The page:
Interesting one. In my view the key players in this whole transition are governments. They have the financial flexibility and the ability to absorb the kinds of risks that go with the energy transition. They should take the lead in setting the scene, determining the rules of engagement, and where needed, bridge the gap between what’s technically possible and what’s economically achievable. From a technology perspective, we can produce hydrogen, for example, as an alternative for fossil fuel. We know we can produce massive amounts of renewable energy by way of solar or wind. We need governments and regulators to step in, specifically in the area of emerging technologies like hydrogen, and level the playing field by introducing subsidies or regulations allowing these emerging technologies to take their place in the overall economies. Just like what happened with renewable solar and wind energy. Of course, that doesn’t mean ING and the financial sector don’t have a role to play as well.
How is ING doing in our efforts to align our portfolio with the two-degree pathway?
The true honest and short answer is we’re doing fantastic. On the power side we’re clearly ahead of the curve: the pathway to Paris 2050 ambition, which is based on the Sustainable Development Scenario of the International Energy Association.
Our goals aren’t just aligned with Paris – we’re aligned with our clients, our clients are aligned with Paris. So everybody’s moving in the same direction. From a power perspective I’d say it’s all good news. The remaining coal exposure that we have is truly tailing off. I’m confident and pleased to see the ability we’ve demonstrated to not only put out a statement that we’ll comply our business with Paris but that we’re actually on the accelerated trajectory to do so.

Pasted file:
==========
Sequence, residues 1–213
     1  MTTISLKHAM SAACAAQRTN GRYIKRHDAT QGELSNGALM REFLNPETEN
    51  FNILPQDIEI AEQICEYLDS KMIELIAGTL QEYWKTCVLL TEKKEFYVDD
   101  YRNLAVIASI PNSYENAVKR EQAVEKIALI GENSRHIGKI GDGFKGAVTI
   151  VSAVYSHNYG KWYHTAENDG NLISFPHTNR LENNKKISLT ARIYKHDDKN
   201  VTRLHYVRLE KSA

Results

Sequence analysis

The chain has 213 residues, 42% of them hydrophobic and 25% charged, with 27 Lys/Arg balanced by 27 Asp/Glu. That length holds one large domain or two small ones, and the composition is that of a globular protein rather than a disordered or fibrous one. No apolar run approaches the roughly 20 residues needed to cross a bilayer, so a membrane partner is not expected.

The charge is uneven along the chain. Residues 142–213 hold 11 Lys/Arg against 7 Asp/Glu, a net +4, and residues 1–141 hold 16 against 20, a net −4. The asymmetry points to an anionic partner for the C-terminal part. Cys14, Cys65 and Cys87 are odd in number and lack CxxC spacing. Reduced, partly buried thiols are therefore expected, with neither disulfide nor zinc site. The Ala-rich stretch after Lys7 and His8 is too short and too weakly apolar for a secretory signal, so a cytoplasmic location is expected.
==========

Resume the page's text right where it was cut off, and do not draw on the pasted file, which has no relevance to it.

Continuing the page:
What’s the sentiment among clients?
I’d say, not just on the power side of the energy sector, but across the board, over the last 9 to 12 months, everybody has woken up. Everybody acknowledges there is a contribution to be made to decarbonising their activities. From that perspective, I’d say the discussion on decarbonising your operations is as mainstream as any other discussion on business models, inherent risks and opportunities. It’s moved from a topic that you’d only selectively build on in the conversation to something that’s always on the table as one of the top three things to touch on.
What else is important for the average person to know and/or understand?
There’s a lot of discussion about net zero and how fast the world needs to get there. I think it’s important to acknowledge that we’re trying to understand what that means for us. So far we’ve used the Sustainable Development Scenario of the International Energy Association (IEA) to determine and identify our pathway to a Paris-aligned portfolio. This is a well-recognised climate scenario for the energy sector. The IEA is coming in May with a net zero 2050 scenario. As soon as that’s published, we’re going to look into it. In the meantime, we need to make sure that people understand that if we say net zero, we’re actually transparent about where we are today, where we need to go to and how we go about it. Nobody else is doing that. That’s an important distinction between the bold statements made by many and the concrete and tangible examples and ambition that we have.